Johns Hopkins Gazette: November 7, 1994

Collins Decodes Problems, Keeping Galileo Safe in Outer Space
By Ken Keatley

Twice--once before launch, once millions of miles from earth--
Oliver Collins has rescued the $1.3 billion deep space probe
Galileo from mission-threatening peril.  
     "I'm not quite sure I'd say I'm a troubleshooter for
Galileo," said Dr. Collins, 30, an assistant professor of
electrical and computer engineering in the School of Engineering.
"It's gotten into trouble at interesting times for me."
     Dr. Collins--whose erudite manner and keen intellect mask
his unlikely avocation as a steed-riding, Wyoming-roaming cowboy-
-has been blessed with immaculate timing. Each time he finds a
solution, there is a problem just waiting for it.
     "It's extremely rare, even in engineering, for people to be
working on an academic problem and then to have somebody actually
build a machine based on the results," Dr. Collins said. "The
probability is less than once in a lifetime, so it's very nice to
have it happen twice."
     His first once-in-a-lifetime experience took place in 1988,
while he was working on a Ph.D. in electrical engineering at the
California Institute of Technology. 
     Delayed after the 1986 explosion of the space shuttle
Challenger, Galileo was again threatened. Because of
Challenger-inspired changes, the upper stage rocket that would
propel Galileo on its more than 2 billion-mile mission was not as
powerful as originally planned, and the change in orbit would
have produced a decrease in information transmission capability.
     As a result, Jet Propulsion Laboratory scientists had to
find a way to get the radioisotope thermoelectric generators that
power Galileo to transmit the data collected from Jupiter by
using less power. It required an upgrade to the spacecraft's
communications coding system, and just such an upgrade--a new
convolutional decoder--was the subject of Dr. Collins' thesis
     "There was a fundamental problem that had kept people from
implementing these particular codes, and I was able to solve that
problem," he explained. "So I got a chance to see what I worked
on for my thesis put into use, which was really quite a lot of
     Galileo was launched on Oct. 18, 1989, deployed from the
space shuttle Atlantis on the first leg of a six-year journey
that will ultimately probe the secrets of the planet Jupiter.
     But 18 months into the mission, Galileo was again plagued
with a crisis that could have prevented the data being recorded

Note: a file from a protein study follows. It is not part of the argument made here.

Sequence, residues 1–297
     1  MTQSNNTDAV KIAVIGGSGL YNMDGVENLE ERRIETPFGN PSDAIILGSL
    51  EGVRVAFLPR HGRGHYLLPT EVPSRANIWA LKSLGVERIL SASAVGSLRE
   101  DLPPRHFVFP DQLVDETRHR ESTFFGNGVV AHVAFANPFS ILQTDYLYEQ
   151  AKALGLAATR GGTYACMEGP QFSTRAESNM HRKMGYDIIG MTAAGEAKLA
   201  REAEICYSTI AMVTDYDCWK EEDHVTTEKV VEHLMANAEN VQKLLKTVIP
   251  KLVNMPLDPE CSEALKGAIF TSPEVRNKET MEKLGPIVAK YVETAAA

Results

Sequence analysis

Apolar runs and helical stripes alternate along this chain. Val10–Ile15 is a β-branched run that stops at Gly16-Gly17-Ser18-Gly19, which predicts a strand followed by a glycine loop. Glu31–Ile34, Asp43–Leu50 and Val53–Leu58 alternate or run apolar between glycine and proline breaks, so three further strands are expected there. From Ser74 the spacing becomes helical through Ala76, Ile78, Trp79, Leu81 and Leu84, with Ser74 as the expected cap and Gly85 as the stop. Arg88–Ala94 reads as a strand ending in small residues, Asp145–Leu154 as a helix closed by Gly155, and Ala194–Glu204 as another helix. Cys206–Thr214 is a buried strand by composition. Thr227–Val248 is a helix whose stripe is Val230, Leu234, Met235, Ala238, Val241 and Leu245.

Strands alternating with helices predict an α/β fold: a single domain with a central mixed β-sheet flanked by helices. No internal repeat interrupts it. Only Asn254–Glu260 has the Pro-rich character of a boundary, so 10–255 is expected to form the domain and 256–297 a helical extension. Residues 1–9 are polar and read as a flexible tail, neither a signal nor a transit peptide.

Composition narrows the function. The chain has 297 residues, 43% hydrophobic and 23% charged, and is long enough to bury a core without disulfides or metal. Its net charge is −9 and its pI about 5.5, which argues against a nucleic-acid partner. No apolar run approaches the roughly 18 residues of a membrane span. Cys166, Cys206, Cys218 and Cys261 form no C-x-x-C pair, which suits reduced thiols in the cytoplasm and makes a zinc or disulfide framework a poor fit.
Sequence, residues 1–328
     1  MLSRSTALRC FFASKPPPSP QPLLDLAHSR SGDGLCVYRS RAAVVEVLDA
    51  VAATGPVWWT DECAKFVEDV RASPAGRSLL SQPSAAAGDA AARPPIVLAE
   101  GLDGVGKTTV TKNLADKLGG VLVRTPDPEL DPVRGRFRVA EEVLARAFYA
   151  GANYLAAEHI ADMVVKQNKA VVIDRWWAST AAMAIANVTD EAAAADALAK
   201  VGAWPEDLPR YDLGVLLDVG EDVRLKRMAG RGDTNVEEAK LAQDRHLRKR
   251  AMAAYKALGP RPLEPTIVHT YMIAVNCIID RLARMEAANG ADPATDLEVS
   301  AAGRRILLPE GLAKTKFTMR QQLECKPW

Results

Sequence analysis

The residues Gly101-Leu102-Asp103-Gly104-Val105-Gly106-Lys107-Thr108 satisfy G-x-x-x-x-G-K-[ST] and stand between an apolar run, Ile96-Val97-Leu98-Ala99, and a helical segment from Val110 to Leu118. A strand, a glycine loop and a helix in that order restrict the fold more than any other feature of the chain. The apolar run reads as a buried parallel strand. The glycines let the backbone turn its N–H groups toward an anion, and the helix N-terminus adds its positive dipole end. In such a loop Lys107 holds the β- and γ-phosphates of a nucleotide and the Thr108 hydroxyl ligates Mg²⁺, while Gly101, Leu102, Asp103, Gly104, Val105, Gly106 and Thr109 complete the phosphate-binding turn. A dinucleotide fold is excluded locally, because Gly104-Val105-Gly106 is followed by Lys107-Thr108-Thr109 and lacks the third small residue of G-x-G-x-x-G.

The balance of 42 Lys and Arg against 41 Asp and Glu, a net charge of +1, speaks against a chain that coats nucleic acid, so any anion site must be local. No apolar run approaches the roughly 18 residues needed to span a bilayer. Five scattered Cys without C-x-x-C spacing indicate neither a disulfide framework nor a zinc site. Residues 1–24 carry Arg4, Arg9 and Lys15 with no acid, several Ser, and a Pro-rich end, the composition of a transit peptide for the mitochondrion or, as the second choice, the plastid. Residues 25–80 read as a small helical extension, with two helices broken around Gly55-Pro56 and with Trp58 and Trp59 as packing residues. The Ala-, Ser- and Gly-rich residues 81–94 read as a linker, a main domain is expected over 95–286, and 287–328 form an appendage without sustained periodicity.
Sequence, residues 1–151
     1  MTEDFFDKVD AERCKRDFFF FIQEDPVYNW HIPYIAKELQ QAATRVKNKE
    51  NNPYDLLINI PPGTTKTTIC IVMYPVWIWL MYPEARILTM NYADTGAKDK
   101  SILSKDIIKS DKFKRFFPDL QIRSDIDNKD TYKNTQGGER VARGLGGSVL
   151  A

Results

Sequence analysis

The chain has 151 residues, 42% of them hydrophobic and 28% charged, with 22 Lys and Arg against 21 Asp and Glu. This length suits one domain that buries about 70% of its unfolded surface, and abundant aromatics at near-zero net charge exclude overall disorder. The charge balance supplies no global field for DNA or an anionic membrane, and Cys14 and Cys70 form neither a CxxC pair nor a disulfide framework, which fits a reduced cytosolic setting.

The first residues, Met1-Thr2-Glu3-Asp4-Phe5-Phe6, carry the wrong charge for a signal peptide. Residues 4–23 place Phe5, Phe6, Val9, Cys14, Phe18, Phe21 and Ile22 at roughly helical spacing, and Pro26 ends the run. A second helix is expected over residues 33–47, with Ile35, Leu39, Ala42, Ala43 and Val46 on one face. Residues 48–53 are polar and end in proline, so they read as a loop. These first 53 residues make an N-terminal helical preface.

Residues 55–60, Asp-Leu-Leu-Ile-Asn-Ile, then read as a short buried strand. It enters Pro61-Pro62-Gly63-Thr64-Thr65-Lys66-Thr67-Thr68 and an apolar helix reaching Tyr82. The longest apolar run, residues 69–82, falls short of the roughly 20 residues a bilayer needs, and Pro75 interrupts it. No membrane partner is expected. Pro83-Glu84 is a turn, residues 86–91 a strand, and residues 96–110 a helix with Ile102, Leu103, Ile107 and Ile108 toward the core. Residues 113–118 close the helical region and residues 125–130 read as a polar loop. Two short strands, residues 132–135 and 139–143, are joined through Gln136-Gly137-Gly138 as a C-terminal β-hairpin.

from being transmitted to Earth. Prior to a flyby of the asteroid
Gaspra, Galileo's fragile, umbrella-like, high-gain antenna 
became stuck, and unable to unfurl properly.
     JPL scientists determined the cause of the problem_some of
the graphite ribs in the antenna were jammed in the closed
position_but not a way to fix it. 
     Quite conveniently, Dr. Collins, by then a young faculty
member at Hopkins, was working on a new coding scheme--partly
funded by JPL--called determinate state convolutional codes, that
would further boost transmission efficiency, even with a balky
     "Just about the time that I had some results and was ready
to start thinking about writing a paper on it, Galileo's antenna
didn't open," he recalled. "I kept getting progressively more
urgent phone calls from JPL: 'Could you please send us the paper,
     "I got it to them in time, and it turned out to be the best
solution for upgrading the spacecraft's software," he said.
     In April Dr. Collins won the Marconi Young Scientist Award
for his research on determinate state convolutional codes and
long constraint length decoders. Honored in Washington at a
black-tie dinner, he received an engraved bronze medal and a
$10,000 award from the Marconi Foundation.
     Also this year, his research titled "The Subtleties and
Intricacies of Building a Constraint Length 15 Convolutional
Decoder" garnered him the 1994 Browder J. Thompson Memorial Prize
Paper Award from the Institute of Electrical and Electronics
Engineers. The award was presented June 30 during the IEEE
International Symposium on Information Theory in Tron-heim,
Norway. The prize included a $1,000 award.
     The Thompson Prize puts the Department of Electrical and
Computer Engineering in select company, as only a handful of
universities have won it more than twice. Former department chair
William Huggins, now professor emeritus, was a Thompson Prize
honoree in the 1940s.
     Dr. Collins continues to conduct research in new coding
techniques and means for implementing them, with the end result
of achieving very large scale, low cost data collection and
improvements in cellular telephone and terrestrial satellite
     "In a sense, I've been spoiled," Dr. Collins said. "It is
ridiculously improbable to have two things actually used in a
large scale way in the course of four or five years. Now, the
challenge is to try to come up with something else."

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